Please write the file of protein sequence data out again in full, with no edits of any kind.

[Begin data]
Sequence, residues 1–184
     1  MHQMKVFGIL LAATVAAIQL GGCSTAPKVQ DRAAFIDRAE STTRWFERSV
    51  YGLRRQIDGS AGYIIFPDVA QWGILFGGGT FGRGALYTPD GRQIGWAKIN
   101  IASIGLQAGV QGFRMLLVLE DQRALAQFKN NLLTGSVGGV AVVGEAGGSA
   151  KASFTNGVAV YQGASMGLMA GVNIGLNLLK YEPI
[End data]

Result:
Sequence, residues 1–184
     1  MHQMKVFGIL LAATVAAIQL GGCSTAPKVQ DRAAFIDRAE STTRWFERSV
    51  YGLRRQIDGS AGYIIFPDVA QWGILFGGGT FGRGALYTPD GRQIGWAKIN
   101  IASIGLQAGV QGFRMLLVLE DQRALAQFKN NLLTGSVGGV AVVGEAGGSA
   151  KASFTNGVAV YQGASMGLMA GVNIGLNLLK YEPI